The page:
...Ms. Roberts stated her belief that the $200.00 charged the Pioneer Press for the data release last year included the cost of developing the bulk export routine from SQL. This is not the case.
While our IT department did indeed need to develop the routine to perform this transfer, according to their records, this project required in excess of 140 hours of staff time....on the basis that this project had the effect, in part, of separating the private from the public information in the database, my advice was that the charge made to the Pioneer Press last year should include only the cost of producing a copy of the data from the [Statewide Supervision System] database using that routine.
The breakdown of those costs, according to IT people is as follows:
Ms. Roberts and Department staff exchanged additional emails related to the $200 fee. The Department agreed to reduce the labor part of the fee estimate by $22.78, for a new total of $177.22. (The Commissioner assumes the Department removed the first and second charges, relating to reviewing, routing, and administering the request.)
In her opinion request, Ms. Roberts raised the following specific objections to the Department's fee: the labor costs are inconsistent; there are charges related to ensuring "integrity" of the data; Chapter 13 requires that entities make data easily accessible; and the charge includes time spent for a computer specialist to watch a CD burn.
In Ms. Roberts' request for an opinion, she asked the Commissioner to address the following issue:
When an individual requests copies of data of which s/he is not the subject, the government entity may charge the "actual costs of searching for and retrieving government data, including the cost of employee time, and for making...the copies...but may not charge for separating public from not public data." (See Minnesota Statutes, section 13.03, subdivision 3(c).)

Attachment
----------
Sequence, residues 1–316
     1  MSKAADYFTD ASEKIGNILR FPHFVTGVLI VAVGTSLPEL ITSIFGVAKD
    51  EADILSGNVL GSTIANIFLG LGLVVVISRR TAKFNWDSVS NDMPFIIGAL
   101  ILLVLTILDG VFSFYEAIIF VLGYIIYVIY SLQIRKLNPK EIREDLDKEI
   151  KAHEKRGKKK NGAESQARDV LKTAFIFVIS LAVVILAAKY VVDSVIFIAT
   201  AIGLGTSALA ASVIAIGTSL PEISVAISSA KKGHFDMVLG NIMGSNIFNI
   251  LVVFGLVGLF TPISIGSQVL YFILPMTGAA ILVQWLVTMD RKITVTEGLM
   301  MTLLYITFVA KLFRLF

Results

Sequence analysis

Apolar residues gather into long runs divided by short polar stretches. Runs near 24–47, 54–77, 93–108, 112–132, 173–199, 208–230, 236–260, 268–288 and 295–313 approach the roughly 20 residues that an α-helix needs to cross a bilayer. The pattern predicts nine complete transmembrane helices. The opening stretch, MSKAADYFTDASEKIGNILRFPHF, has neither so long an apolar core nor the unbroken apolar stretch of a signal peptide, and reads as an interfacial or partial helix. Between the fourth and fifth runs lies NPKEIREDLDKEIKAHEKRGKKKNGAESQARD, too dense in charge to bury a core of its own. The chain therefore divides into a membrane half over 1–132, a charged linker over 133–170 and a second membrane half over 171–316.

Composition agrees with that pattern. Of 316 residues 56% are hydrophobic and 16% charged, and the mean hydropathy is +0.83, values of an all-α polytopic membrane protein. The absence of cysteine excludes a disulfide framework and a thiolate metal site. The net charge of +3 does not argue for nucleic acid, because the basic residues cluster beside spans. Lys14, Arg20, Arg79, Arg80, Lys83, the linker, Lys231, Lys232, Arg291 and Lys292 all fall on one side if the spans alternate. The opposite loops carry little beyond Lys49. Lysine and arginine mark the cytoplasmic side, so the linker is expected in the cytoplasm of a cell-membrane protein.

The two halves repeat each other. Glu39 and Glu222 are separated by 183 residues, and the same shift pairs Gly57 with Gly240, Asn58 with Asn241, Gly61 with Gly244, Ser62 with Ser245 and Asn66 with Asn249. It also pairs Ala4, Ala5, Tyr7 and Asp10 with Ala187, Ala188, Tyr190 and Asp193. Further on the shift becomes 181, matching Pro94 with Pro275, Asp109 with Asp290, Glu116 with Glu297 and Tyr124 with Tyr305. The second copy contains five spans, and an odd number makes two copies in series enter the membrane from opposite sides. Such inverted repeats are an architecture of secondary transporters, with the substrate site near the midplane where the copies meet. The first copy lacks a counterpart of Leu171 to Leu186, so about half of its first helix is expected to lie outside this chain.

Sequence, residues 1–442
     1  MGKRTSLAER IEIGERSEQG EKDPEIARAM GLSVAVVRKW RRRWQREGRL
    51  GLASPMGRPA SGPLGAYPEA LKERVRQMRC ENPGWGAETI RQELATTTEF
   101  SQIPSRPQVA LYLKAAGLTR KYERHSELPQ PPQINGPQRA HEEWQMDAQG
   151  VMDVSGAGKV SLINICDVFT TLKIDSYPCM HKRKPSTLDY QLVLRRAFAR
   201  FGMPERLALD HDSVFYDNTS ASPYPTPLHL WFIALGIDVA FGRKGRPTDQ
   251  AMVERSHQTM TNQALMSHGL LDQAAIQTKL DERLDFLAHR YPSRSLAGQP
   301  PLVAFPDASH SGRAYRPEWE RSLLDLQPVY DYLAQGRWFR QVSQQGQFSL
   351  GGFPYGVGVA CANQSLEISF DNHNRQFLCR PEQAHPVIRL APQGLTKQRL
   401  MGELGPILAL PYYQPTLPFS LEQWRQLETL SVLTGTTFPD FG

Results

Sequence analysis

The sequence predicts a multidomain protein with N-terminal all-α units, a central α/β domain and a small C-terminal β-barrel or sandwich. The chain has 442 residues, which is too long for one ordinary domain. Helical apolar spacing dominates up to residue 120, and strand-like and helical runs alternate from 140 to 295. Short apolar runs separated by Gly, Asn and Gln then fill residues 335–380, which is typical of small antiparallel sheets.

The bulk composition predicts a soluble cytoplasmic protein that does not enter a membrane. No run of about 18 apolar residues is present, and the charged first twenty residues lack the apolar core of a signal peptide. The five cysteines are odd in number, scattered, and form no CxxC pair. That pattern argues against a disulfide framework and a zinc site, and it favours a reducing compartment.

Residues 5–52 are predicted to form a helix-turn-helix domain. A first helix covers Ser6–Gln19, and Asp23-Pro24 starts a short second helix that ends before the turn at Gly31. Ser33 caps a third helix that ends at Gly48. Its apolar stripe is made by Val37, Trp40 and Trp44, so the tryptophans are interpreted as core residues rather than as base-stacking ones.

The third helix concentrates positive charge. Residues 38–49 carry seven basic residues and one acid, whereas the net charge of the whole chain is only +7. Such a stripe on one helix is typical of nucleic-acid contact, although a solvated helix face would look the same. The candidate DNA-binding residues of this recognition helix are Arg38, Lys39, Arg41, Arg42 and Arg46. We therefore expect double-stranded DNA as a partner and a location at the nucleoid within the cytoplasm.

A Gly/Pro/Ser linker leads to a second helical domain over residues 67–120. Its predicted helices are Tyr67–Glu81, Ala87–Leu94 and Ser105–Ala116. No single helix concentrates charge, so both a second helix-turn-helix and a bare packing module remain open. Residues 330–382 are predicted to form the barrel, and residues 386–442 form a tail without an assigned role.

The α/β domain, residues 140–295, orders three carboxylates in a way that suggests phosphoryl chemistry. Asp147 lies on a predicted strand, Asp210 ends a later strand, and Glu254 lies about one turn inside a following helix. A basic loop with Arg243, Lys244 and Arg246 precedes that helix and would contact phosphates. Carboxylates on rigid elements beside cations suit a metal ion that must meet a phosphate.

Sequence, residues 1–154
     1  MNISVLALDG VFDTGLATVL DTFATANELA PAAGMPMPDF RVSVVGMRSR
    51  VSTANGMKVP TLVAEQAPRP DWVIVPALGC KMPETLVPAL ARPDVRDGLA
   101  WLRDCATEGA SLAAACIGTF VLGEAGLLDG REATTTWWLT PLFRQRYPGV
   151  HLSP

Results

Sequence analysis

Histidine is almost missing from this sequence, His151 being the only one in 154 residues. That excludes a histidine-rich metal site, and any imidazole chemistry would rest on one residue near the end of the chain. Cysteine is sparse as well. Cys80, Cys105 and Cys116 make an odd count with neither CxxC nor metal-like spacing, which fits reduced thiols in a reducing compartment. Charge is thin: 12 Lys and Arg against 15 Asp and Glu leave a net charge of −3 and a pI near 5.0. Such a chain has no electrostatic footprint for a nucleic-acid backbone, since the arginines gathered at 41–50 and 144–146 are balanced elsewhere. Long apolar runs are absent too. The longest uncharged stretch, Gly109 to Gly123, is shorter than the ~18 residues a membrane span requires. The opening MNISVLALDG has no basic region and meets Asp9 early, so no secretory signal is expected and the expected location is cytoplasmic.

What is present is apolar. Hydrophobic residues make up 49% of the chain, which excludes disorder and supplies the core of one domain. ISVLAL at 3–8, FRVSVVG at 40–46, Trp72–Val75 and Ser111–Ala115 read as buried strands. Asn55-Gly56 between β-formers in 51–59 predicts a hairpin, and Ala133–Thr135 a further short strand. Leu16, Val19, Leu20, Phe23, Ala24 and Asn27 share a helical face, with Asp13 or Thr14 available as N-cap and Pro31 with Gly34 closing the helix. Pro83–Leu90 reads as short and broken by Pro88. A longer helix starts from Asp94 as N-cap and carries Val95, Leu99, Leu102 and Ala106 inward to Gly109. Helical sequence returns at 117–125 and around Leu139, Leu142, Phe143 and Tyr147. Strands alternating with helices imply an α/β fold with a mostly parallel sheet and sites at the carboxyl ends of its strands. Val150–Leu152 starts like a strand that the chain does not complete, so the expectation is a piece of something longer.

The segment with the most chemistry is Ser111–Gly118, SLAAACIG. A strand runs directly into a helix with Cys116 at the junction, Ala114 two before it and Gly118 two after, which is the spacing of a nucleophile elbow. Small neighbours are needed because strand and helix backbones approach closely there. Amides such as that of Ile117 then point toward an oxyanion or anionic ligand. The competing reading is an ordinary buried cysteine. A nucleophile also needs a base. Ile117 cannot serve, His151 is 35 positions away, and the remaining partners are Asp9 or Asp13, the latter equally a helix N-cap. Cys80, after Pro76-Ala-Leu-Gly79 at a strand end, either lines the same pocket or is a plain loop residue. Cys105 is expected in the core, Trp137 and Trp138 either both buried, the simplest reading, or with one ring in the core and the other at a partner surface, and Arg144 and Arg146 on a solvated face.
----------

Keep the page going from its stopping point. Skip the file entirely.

In addition, Minnesota Rules, section 1205.0300, states, "...the responsible authority may charge a reasonable fee for providing copies of public data."
Further, section 13.03, subdivision 1, states that government entities must "keep records containing government data in such an arrangement and condition as to make them easily accessible for convenient use."
In her comments to the Commissioner of Administration, Commissioner Fabian discussed Ms. Roberts' concerns, but provided little explanation as to how the Department's charge represents the actual cost of making a copy of the jail booking data. It should be noted, however, that Commissioner Fabian agreed to further reduce the copy fee by $11.73, in response to Ms. Roberts' question about inconsistent labor charges.
The Commissioner of Administration makes the following comments regarding the Department's fee. First, it would not have been appropriate for the Department to include in its copy charge a fee for staff time to review, route, and administer the data request. See Advisory Opinions 97-013 and 04-003. (It appears these parts of the charge were removed prior to Ms. Roberts making her opinion request.)